Devil’s Due is purely erected off of found footage-convention and destined to be forgotten by the middle of this year.

Just days before its release, the film Devil’s Due struck marketing gold when the marketing campaign created a remote-controlled baby-carriage with an animatronic, demon-baby inside that would stroll itself around the streets of Manhattan and frighten innocent bystanders by having the infant scream or vomit milk near them. Videos soon went viral, reactions-videos found themselves on the daily news, and a marketer’s dream came true – everyone has been talking about the film and stunt since.

Now if only the stunt was (a) made for a film that was actually kind of good and (b) actually had something to do with the film at hand. While the film deals with the spawn of the Devil, the baby or its demonic powers aren’t the focus of the picture. Instead, we get acquainted with the cutest, whitest, most typical newlywed couple in the history of cinema as they deal with an unexpected pregnancy after a night of chaotic debauchery while on vacation in the Dominican Republic. It’s practically a found footage version of Rosemary’s Baby, but even that comparison just feels wrong to make.

Devil’s Due
Directed by
Matt Bettinelli-Olpin & Tyler Gillett
Allison Miller, Zach Gilford, Sam Anderson
Release Date
17 January 2014
Steve’s Grade: D

The couple is Zach and Samantha McCall (Zach Gilford and Allison Miller), who deal with the unplanned pregnancy as presumably many people would. They schedule prolific doctor visits, she monitors her health and her diet, he assists with the plans and the renovations, etc. Zach decides to document all this for future reference (why he chooses to film such trivial occurrences such as his wife waking up in the morning, them getting dressed, and numerous shots of his wife’s pantie-clad rear to show his future child is beyond me).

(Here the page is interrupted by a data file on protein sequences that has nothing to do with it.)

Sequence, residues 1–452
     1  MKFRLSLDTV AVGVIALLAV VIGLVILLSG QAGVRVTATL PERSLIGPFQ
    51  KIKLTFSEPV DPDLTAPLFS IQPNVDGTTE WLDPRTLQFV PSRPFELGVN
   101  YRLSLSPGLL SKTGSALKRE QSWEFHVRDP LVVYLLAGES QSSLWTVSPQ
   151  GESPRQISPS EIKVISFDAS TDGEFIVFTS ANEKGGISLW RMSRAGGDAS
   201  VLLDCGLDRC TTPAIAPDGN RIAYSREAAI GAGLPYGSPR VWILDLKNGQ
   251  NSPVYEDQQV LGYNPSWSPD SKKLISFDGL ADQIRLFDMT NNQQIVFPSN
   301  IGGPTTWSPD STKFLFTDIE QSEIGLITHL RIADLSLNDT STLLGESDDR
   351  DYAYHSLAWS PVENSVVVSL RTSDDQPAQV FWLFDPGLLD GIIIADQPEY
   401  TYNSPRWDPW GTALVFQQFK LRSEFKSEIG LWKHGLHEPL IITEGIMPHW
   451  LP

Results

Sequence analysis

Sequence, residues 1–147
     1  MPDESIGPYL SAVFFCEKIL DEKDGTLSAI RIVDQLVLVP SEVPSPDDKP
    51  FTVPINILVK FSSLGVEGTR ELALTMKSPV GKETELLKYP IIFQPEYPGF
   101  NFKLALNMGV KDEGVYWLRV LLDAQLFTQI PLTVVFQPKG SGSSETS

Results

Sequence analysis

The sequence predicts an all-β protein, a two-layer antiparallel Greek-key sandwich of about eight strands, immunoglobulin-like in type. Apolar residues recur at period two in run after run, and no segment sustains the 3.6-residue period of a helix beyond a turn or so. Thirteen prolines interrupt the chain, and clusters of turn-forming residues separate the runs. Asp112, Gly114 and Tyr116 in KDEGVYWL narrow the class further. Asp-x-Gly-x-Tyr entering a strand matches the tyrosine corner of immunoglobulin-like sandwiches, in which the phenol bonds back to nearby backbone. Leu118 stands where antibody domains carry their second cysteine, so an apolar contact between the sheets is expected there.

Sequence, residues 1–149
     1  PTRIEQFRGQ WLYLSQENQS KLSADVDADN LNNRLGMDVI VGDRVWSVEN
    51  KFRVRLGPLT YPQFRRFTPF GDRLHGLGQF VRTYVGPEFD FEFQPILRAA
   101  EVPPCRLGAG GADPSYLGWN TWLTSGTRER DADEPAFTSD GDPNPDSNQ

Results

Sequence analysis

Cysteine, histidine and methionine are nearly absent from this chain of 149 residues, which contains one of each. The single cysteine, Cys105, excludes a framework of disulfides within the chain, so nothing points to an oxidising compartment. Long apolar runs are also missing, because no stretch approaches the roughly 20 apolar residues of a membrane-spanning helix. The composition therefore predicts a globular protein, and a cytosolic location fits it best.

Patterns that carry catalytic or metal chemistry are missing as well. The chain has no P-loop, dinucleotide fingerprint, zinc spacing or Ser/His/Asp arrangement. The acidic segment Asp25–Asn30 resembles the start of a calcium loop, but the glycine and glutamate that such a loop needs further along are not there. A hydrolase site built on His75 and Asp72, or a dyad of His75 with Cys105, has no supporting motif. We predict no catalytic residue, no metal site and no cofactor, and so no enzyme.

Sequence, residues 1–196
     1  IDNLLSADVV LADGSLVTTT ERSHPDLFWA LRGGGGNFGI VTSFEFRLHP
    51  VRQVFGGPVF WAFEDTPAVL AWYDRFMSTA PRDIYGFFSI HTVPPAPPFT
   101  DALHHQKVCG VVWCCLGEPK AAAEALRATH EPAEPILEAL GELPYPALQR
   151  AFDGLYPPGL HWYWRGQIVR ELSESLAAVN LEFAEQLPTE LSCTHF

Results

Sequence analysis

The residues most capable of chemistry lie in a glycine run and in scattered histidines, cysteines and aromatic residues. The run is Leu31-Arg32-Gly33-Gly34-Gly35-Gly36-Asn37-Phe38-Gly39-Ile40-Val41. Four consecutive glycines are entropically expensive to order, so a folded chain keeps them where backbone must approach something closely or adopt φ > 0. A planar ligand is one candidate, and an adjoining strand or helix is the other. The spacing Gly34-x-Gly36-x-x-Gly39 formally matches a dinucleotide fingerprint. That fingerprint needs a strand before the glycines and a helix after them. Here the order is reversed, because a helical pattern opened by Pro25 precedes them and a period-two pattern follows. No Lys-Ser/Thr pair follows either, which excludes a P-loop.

Samantha’s pregnancy, however, is hell for both her and Zach. Samantha exhibits antisocial behavior, becomes more violent, alienates and abuses those she loves, etc. Much like Jesse from Paranormal Activity: The Marked Ones and virtually every other character from horror films who has been victim to some demonic possession.

The camerawork at hand here is awful; compare it to a camera in a video game that never seems to be in the correct position to capture the action and give you a sense of direction. Shots are choppy, so shaky they induce nausea, quite literally, and the angles of the shots are constantly wonky, as they either cut off their subjects or are zoomed in too far. The film’s directors, Matt Bettinelli-Olpin and Tyler Gillett, are two of the four members of a Los Angeles band of filmmakers named “Radio Silence,” and this is the group’s second directorial credit after 2012’s found footage anthology V/H/S. The two men never seem to know quite what they’re shooting or how to properly angle a shot, especially later in the film when there is a lot going on on screen.

The breath of directorial fresh air comes when large-scale shots are staged, particularly those set in grocery stores or parking lots when we see things from a bird’s eye view thanks to security cameras. For one, the camera is steady, and two, at least we have an environment to see. The remainder of the film focuses on a camera that is as steady as a shoulder-mounted one when somebody jogs.

Devil’s Due is exactly the kind of middling January-fare we’re subjected to, and the kind of spur-of-the-moment horror film that will either make a killing its first weekend or one that will be met with lukewarm revenue before fading into complete obscurity. I feel like I’m reiterating all the points from my Paranormal Activity: The Marked Ones review for this particular picture, thus making Devil’s Due even more of an interchangeable release. While it takes a premise that can be toyed with in numerous different ways, Devil’s Due is purely erected off of found footage-convention and destined to be forgotten by the middle of this year.

NOTE: I will also say that my year and a half of public school Spanish is getting a workout this month, with both Paranormal Activity: The Marked Ones and Devil’s Due coming out and utilizing Latino characters in some specific way.

Review by Steve Pulaski, Lead Film Critic